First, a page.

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Aik Hoe LIM Trade in Services Division, WTO EDUCATION SERVICES AND THE DOHA ROUND.

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Presentation on theme: "Aik Hoe LIM Trade in Services Division, WTO EDUCATION SERVICES AND THE DOHA ROUND."— Presentation transcript:

1 Aik Hoe LIM Trade in Services Division, WTO EDUCATION SERVICES AND THE DOHA ROUND

2 © Trade Services Division, WTO, Nov 2005 GATS: Structure n Framework Agreement n Annexes covering certain sector- or policy- related issues n Schedules of Specific Commitments (one Schedule for each WTO Member)

3 © Trade Services Division, WTO, Nov 2005 nMEASURES AFFECTING TRADE IN SERVICES AT ALL GOVERNMENT LEVELS nALL SERVICES (except governmental services and air traffic rights) GATS: Scope, coverage, definition

4 © Trade Services Division, WTO, Nov 2005 MODE Cross-border Trade (1) Consumption Abroad (2) Commercial Presence (3) Movement of Natural Persons (4) EXAMPLE (Education) Distance-learning programme from country A relayed in B Bs resident attends a post- graduate course in A University from A operates a training center in B Teacher from A gives courses in B GATS: 4 modes of supply

5 © Trade Services Division, WTO, Nov 2005 Governmental Services Excluded from coverage are services provided in the exercise of governmental authority which, in turn, are defined as services that are supplied neither on a commercial basis, nor in competition with one or more service suppliers. (Article I:3).

6 © Trade Services Division, WTO, Nov 2005 Is public education covered by the GATS? n No jurisprudence so far n Absence of commercial basis n Absence of competition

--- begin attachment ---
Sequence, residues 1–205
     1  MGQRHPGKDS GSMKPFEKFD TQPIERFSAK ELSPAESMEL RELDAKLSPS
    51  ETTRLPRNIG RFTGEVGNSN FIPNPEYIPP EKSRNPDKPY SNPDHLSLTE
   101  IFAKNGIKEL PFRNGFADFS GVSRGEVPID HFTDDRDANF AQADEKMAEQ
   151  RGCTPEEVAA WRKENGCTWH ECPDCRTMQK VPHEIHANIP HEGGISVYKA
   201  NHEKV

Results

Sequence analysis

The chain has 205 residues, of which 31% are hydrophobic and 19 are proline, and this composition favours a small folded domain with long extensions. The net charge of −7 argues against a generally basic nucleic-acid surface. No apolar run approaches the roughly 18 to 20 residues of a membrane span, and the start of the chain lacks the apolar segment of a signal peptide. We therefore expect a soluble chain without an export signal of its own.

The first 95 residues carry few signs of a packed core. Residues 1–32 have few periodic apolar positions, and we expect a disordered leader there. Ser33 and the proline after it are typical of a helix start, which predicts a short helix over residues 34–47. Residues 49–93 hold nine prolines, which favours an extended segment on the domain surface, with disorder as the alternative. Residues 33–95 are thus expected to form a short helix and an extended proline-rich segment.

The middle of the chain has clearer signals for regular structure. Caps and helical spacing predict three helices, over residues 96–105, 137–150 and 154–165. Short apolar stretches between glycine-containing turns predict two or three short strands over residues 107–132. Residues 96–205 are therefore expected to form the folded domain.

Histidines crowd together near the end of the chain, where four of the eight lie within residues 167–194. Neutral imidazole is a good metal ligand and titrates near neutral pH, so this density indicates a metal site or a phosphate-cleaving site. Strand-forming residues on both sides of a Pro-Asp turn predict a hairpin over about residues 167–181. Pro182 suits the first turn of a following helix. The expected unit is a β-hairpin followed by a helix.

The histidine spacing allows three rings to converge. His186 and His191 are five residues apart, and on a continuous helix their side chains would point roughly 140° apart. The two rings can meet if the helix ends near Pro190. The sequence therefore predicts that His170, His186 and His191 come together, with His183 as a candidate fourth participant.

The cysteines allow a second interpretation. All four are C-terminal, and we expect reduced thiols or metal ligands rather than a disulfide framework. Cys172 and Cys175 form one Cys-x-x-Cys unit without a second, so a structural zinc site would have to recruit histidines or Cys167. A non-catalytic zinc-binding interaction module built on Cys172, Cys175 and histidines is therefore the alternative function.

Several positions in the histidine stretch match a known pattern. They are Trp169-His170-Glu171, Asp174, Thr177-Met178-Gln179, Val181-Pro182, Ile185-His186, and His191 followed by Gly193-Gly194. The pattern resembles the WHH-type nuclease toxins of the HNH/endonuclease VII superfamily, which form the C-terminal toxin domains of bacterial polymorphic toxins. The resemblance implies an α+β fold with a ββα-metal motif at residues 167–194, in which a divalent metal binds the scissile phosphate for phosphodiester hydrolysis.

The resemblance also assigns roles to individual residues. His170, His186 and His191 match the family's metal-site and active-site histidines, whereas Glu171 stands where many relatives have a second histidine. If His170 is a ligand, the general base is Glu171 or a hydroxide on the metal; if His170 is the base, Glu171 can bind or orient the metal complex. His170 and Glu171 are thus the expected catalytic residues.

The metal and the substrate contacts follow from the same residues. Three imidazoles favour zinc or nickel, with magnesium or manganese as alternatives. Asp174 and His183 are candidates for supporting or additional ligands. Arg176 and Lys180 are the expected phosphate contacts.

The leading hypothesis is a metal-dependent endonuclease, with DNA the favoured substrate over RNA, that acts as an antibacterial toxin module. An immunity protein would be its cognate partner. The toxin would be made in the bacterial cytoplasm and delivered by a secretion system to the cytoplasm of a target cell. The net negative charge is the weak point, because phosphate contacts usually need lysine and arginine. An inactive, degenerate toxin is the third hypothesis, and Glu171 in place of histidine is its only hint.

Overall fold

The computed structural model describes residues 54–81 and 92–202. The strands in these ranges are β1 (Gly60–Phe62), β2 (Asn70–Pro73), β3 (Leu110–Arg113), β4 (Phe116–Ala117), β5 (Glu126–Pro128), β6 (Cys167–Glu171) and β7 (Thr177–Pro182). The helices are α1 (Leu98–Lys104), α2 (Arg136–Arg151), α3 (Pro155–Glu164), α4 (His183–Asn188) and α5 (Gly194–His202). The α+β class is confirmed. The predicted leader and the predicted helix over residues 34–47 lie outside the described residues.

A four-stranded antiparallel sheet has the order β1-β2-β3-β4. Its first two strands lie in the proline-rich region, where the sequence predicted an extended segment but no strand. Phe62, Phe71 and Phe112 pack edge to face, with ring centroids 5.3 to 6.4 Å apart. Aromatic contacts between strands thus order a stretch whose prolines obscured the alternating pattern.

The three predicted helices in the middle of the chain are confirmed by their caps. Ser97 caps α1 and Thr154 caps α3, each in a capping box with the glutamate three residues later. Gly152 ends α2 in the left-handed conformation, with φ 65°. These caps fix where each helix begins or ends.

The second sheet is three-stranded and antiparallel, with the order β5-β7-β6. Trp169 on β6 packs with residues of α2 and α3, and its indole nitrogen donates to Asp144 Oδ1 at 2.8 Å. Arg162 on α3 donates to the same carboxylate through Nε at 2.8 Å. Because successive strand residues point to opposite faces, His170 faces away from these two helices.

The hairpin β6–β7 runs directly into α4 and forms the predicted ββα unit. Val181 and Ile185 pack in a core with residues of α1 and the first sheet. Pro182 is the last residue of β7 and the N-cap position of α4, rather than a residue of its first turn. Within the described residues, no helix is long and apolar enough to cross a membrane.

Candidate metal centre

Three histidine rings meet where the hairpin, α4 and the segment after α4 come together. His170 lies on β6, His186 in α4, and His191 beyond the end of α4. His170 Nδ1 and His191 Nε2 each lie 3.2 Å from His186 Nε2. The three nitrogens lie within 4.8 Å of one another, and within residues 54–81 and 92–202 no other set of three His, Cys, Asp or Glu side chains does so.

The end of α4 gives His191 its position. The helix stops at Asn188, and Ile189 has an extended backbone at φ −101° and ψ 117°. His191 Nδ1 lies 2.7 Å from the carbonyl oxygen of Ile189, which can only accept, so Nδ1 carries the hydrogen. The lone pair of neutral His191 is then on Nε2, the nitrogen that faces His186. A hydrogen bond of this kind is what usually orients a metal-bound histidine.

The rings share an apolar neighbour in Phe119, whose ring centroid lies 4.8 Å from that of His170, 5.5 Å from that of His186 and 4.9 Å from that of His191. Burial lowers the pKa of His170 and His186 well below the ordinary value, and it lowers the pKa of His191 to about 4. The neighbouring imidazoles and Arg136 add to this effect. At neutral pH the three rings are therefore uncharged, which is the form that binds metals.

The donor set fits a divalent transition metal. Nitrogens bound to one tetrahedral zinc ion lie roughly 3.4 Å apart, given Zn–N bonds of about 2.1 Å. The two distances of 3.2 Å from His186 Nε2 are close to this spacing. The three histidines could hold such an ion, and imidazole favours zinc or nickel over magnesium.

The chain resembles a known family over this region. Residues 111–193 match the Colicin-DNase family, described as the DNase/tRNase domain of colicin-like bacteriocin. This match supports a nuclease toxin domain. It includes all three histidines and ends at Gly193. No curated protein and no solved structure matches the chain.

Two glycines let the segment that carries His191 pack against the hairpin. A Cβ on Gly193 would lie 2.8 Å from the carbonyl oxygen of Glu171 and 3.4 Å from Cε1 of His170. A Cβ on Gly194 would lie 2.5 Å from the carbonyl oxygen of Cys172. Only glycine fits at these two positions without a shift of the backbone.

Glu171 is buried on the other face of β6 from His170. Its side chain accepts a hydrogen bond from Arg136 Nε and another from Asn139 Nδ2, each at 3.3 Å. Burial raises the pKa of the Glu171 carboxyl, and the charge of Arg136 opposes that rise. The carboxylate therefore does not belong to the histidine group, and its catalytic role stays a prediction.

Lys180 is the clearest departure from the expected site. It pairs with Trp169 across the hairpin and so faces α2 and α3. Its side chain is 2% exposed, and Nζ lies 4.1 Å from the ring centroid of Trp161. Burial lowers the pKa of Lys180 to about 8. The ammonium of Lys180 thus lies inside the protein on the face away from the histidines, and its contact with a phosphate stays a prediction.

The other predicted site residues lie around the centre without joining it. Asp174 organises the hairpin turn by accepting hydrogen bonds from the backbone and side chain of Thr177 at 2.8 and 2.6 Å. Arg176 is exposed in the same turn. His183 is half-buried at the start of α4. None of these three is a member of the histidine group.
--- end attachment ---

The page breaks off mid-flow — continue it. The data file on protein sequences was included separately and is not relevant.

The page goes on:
7 © Trade Services Division, WTO, Nov 2005 Potential inclusion in the scope of the GATS per se has little concrete consequences Commitments remain a choice A Member can choose NOT to make a commitment Of course, no obligation to privatize No obligation to open the market to foreign providers

8 © Trade Services Division, WTO, Nov 2005 The only general obligations that apply in case of inclusion are... n Most-Favoured-Nation (MFN) Treatment (but barring all foreigners is MFN consistent) n Transparency obligations n Availability of legal redress n And that is the situation of 100 Members of the WTO

9 © Trade Services Division, WTO, Nov 2005 There is formal liberalization only in sectors in which a country undertakes specific commitments on market access and national treatment –MA: Absence of quota- type and similar restrictions. –NT: Non-discrimination with regard to all measures affecting the supply of a service.

10 © Trade Services Division, WTO, Nov 2005 What does a commitment mean? –Applies only to what is covered by GATS –A commitment does not mean privatization –Does not mean deregulation

11 © Trade Services Division, WTO, Nov 2005 –It means guaranteeing under certain conditions the participation of foreign services suppliers alongside the national public and private ones –In most instances those foreign service suppliers were already there (there are even cases where Members try to attract them)